NIPPON Kichi - 日本吉

2007/1/7

萬福寺 Manpukuji Manpukuji Temple

Jp En


Manpukuji Temple is located in Uji, Kyoto Prefecture. It is a Chinese-style temple, built in 1661 by the monk Ingen who came to Japan from Fujian, China, at the invitation of Emperor Go-Mizunoo and Tokugawa Ietsuna, who both revered him.

The balcony, which has a swastika ('manji-kuzushi') design, and the arched 'kikabe tenjo' ceiling are just some of the unique features of Manpukuji.

Manpukuji represents one of the three Japanese Zen sects (Rinzai, Soutou and Obaku). Ingen, along with Mokuan and Sokuhi, are the chief abbots of the Obaku Sect.

Another major characteristic of Manpukuji is that the temple itself has not changed since it was first built. The 23 buildings, the corridor, the frames on the windows and doors and many other articles have been designated as Important Cultural Property of Japan.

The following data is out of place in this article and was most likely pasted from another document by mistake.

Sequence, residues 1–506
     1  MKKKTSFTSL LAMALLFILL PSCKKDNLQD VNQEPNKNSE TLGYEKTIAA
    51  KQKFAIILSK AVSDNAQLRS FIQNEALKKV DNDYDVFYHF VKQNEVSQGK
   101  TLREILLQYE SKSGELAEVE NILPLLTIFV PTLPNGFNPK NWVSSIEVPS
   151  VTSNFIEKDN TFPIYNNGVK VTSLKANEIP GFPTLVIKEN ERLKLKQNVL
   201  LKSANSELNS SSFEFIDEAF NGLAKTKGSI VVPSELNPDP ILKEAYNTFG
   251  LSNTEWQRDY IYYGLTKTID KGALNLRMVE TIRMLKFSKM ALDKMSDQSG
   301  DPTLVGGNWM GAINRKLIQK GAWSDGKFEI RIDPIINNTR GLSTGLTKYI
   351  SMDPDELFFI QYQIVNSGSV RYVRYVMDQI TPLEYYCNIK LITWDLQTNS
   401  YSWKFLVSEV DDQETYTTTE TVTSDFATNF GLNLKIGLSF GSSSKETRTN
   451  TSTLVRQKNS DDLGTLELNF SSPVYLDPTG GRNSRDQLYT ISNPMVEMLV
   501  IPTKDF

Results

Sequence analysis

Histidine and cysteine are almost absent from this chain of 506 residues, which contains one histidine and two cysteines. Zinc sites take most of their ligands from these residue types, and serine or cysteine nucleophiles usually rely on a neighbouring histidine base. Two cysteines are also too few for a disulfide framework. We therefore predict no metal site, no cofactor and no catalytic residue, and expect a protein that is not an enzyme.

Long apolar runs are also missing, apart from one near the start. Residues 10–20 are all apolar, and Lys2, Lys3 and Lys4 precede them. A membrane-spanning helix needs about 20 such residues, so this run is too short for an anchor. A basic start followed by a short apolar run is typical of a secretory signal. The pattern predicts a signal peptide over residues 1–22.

The Obaku monks have made significant contributions to Japanese society, including constructing the first public library, pioneering rice fields in Chiba Prefecture, and guiding construction of the arch-shaped Kintaikyo bridge in Iwakuni. There are 22 enshrined statues of Buddha of the Obaku Zen sects today. These foreign-style statues differed significantly from Japanese-style ones, but came to influence and alter the image of Buddha in Japan.

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address
34 Gokesyou Sanbankatsu, Uji, Kyoto Prefecture, 611-0011
name
Manpukuji Temple
phone
0774-32-3900
hp
http://www.obakusan.or.jp/index.html




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